At least 38 supporters of the Muslim Brotherhood have died in an incident at an Egyptian prison, security and legal sources said, giving conflicting versions of the deaths.
The Interior Ministry did not immediately confirm the death toll.
It said in a statement that a number of detainees had tried to escape from a prison on the outskirts of Cairo and had taken a police officer hostage.
In subsequent clashes, the ministry said an undisclosed number of people had died from inhaling tear gas rounds.
It added that the officer was freed but badly wounded.
However, a legal source told Reuters that the Brotherhood followers had suffocated in the back of a crammed police van while being taken to prison.
Over 800 people have died in Egypt since last Wednesday in clashes pitting backers of deposed Islamist president Mohammed Mursi and security forces.
Police said they have arrested over 1,000 Brotherhood sympathisers in recent days as part of a broad crackdown aimed at ending weeks of political turmoil.
Meanwhile, Egypt's deputy prime minister was expected to propose a way out of confrontation between the security forces and the Muslim Brotherhood when the cabinet discussed the crisis today.
His ideas seemed to run counter to a suggestion by the prime minister to dissolve the Islamist organisation.
The Brotherhood has been the target of a crackdown by the army-backed government last week.
The authorities declared a state of emergency and killed hundreds of people in raids on Wednesday on two protest camps set up in Cairo to demand Mursi's reinstatement.
The capital's streets, unusually empty in the past few days, have been returning to normal.
The army kept several big squares closed and enforced a curfew overnight.
Banks and the stock market reopened for the first time since Wednesday's bloodshed, and shares plunged 2.5% per cent.
The initiative by liberal Deputy Prime Minister Ziad Bahaa el-Din calls for an immediate end to the state of emergency, political participation for all parties, and guarantees of human rights, including the right to free assembly.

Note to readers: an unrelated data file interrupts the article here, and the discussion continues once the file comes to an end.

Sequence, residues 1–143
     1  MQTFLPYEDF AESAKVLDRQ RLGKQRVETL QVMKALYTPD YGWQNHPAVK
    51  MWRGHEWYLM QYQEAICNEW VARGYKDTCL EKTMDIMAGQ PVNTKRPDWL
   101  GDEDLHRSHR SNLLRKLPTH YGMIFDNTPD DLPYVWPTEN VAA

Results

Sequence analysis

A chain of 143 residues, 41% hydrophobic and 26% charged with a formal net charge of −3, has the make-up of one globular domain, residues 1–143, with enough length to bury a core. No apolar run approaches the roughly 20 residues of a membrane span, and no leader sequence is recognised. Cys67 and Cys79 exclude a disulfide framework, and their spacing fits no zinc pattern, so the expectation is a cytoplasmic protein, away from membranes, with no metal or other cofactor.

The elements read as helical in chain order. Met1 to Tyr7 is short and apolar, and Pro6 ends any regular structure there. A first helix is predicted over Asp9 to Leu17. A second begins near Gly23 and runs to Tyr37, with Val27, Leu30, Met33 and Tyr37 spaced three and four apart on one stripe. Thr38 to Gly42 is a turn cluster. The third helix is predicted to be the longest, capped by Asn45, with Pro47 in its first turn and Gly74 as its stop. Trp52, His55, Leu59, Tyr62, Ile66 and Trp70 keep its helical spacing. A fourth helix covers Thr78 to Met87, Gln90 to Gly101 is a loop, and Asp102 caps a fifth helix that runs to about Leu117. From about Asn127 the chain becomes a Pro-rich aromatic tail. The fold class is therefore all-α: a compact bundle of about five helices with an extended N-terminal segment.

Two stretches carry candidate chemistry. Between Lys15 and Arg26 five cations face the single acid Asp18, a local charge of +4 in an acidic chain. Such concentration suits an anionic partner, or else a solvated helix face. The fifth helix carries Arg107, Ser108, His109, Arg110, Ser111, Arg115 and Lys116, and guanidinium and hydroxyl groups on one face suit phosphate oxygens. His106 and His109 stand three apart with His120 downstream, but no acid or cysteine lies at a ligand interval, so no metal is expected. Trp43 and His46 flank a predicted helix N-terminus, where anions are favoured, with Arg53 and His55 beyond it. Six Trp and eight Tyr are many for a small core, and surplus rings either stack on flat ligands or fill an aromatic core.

The Brotherhood has said it will keep up mass protests until Mr Mursi - toppled by the army on 3 July after huge demonstrations against him - is freed from jail and returned to office.
It was not clear how much support Mr Bahaa el-Din's proposal could win among political leaders in the deeply polarised country.
Prime Minister Hazem el-Beblawi has proposed banning the 85-year-old movement and effectively forcing it underground.
"There will be no reconciliation with those whose hands have been stained with blood and who turned weapons against the state and its institutions," Mr Beblawi told reporters on Saturday.
Mr Bahaa el-Din stayed in office even after a leading fellow-liberal, Deputy President Mohamed El Baradei, resigned over the violent break-up of the protest camps in Cairo.
His proposal does not address Mr Mursi's fate or specifically call for an amnesty for detained leaders of the Brotherhood.
The Islamist group, which won five successive votes held in Egypt after President Hosni Mubarak fell in 2011, now faces the prospect of political elimination by army-backed rulers who say the most populous Arab nation is at war with "terrorism".